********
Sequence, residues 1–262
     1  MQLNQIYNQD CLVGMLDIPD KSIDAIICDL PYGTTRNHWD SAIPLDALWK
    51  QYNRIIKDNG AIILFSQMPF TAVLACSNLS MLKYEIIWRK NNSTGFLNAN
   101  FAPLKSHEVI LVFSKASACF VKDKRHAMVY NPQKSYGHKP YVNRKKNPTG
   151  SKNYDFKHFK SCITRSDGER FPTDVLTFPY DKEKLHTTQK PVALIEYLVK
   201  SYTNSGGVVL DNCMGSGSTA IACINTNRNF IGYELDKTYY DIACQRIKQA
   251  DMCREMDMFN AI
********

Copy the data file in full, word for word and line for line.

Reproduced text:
Sequence, residues 1–262
     1  MQLNQIYNQD CLVGMLDIPD KSIDAIICDL PYGTTRNHWD SAIPLDALWK
    51  QYNRIIKDNG AIILFSQMPF TAVLACSNLS MLKYEIIWRK NNSTGFLNAN
   101  FAPLKSHEVI LVFSKASACF VKDKRHAMVY NPQKSYGHKP YVNRKKNPTG
   151  SKNYDFKHFK SCITRSDGER FPTDVLTFPY DKEKLHTTQK PVALIEYLVK
   201  SYTNSGGVVL DNCMGSGSTA IACINTNRNF IGYELDKTYY DIACQRIKQA
   251  DMCREMDMFN AI